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Pentagon finds no link between Iraq and alCIAda

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Sep 12, 2004
16,852
59
86
Originally posted by: PC Surgeon
Originally posted by: TastesLikeChicken
Originally posted by: AndrewR
Here's another perspective and an examination of the initial leak and subsequent press coverage. I've bolded one paragraph in particular -- sorry for the article length. Interesting coverage regardless:
Any such analysis will be ignored, just like the NY Times, WaPo, Boston Globe and the vast majority of the MSM have ignored the actual facts around these documents and the report. Most likely someone in here will come along and sneer at the fact this is from the Weekly Standard as well, as if such an ad hom comment nullifies the article.

Originally posted by: PC Surgeon
^^I hope you don't believe that crap. The Weekly Standard? :roll:
Right on cue. ;)
Gee, the brilliancy of reading a thread and then adding two posts together to make a point :roll:

Please enlighten us as to how or why The Weekly Standard should be or is a respected news publication. Please show also how they are non-bias & have no direct connection to the Bush administration or their agenda.

For the record to those who read this post. This is about The Weekly Standard and their bias or connections to the Bush administration.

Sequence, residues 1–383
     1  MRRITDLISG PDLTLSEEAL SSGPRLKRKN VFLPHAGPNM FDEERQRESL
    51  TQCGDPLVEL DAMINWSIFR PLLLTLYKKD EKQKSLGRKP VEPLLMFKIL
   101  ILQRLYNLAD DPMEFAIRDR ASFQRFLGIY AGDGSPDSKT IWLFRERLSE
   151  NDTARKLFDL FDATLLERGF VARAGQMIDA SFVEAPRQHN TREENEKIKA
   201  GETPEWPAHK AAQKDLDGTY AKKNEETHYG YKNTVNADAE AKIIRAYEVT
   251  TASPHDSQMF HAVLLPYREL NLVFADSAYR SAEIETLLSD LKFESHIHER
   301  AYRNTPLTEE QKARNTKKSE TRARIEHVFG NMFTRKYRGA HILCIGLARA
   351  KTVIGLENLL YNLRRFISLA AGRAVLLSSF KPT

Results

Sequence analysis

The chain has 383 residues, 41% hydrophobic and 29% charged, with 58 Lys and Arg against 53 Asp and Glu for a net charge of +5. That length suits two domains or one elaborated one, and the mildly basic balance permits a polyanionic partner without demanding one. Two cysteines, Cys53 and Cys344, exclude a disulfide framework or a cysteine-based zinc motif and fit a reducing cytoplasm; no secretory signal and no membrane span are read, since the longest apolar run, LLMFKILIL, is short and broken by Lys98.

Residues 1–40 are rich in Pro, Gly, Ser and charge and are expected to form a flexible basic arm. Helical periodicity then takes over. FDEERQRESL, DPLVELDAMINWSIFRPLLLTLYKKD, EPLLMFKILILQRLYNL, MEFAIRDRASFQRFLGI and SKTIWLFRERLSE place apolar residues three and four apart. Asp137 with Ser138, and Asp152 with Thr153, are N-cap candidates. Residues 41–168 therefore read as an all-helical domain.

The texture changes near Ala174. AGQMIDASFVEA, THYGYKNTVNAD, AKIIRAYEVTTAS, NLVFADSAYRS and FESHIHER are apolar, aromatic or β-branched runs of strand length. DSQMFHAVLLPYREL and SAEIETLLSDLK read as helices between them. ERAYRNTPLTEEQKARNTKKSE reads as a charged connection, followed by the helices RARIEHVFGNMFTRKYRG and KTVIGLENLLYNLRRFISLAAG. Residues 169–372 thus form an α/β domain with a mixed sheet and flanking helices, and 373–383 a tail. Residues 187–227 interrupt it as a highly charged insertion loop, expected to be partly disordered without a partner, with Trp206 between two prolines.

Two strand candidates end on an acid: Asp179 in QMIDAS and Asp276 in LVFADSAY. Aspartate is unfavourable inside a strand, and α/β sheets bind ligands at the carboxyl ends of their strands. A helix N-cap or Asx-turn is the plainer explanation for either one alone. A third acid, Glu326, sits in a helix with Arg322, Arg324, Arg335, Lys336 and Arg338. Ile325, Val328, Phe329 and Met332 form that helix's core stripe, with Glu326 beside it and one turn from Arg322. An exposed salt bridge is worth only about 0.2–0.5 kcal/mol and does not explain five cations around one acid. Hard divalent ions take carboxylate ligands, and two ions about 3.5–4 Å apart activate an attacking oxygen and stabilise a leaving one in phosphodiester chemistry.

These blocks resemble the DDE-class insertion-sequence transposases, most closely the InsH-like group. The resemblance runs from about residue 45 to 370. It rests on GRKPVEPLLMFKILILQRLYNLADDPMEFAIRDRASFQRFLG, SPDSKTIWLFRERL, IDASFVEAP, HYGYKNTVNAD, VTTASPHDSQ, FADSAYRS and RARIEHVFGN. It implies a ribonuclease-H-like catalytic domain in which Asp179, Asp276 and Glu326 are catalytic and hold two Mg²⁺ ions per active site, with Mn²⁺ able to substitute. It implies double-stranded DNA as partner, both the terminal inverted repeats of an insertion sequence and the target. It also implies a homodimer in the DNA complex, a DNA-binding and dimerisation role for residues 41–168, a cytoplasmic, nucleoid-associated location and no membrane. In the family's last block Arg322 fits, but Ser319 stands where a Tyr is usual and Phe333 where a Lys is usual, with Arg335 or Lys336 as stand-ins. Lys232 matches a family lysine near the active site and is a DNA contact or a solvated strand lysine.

No, this isn't about your lame ad hom remark about the Weekly Standard. It's about you failing to refute a single point in that article. I really don't care what YOUR opinion of the WS is and trying to wave the content of the article away with a derisive flick of your hand is pitiful and weak, and you know it.
 

NoStateofMind

Diamond Member
Oct 14, 2005
9,716
6
76
Originally posted by: TastesLikeChicken
Originally posted by: PC Surgeon
Originally posted by: TastesLikeChicken
Originally posted by: AndrewR
Here's another perspective and an examination of the initial leak and subsequent press coverage. I've bolded one paragraph in particular -- sorry for the article length. Interesting coverage regardless:
Any such analysis will be ignored, just like the NY Times, WaPo, Boston Globe and the vast majority of the MSM have ignored the actual facts around these documents and the report. Most likely someone in here will come along and sneer at the fact this is from the Weekly Standard as well, as if such an ad hom comment nullifies the article.

Originally posted by: PC Surgeon
^^I hope you don't believe that crap. The Weekly Standard? :roll:
Right on cue. ;)
Gee, the brilliancy of reading a thread and then adding two posts together to make a point :roll:

Please enlighten us as to how or why The Weekly Standard should be or is a respected news publication. Please show also how they are non-bias & have no direct connection to the Bush administration or their agenda.

For the record to those who read this post. This is about The Weekly Standard and their bias or connections to the Bush administration.
No, this isn't about your lame ad hom remark about the Weekly Standard. It's about you failing to refute a single point in that article. I really don't care what YOUR opinion of the WS is and trying to wave the content of the article away with a derisive flick of your hand is pitiful and weak, and you know it.
You have failed to discuss the topic at hand. Please move on.
 
Sep 12, 2004
16,852
59
86
Originally posted by: PC Surgeon
Originally posted by: TastesLikeChicken
Originally posted by: PC Surgeon
Originally posted by: TastesLikeChicken
Originally posted by: AndrewR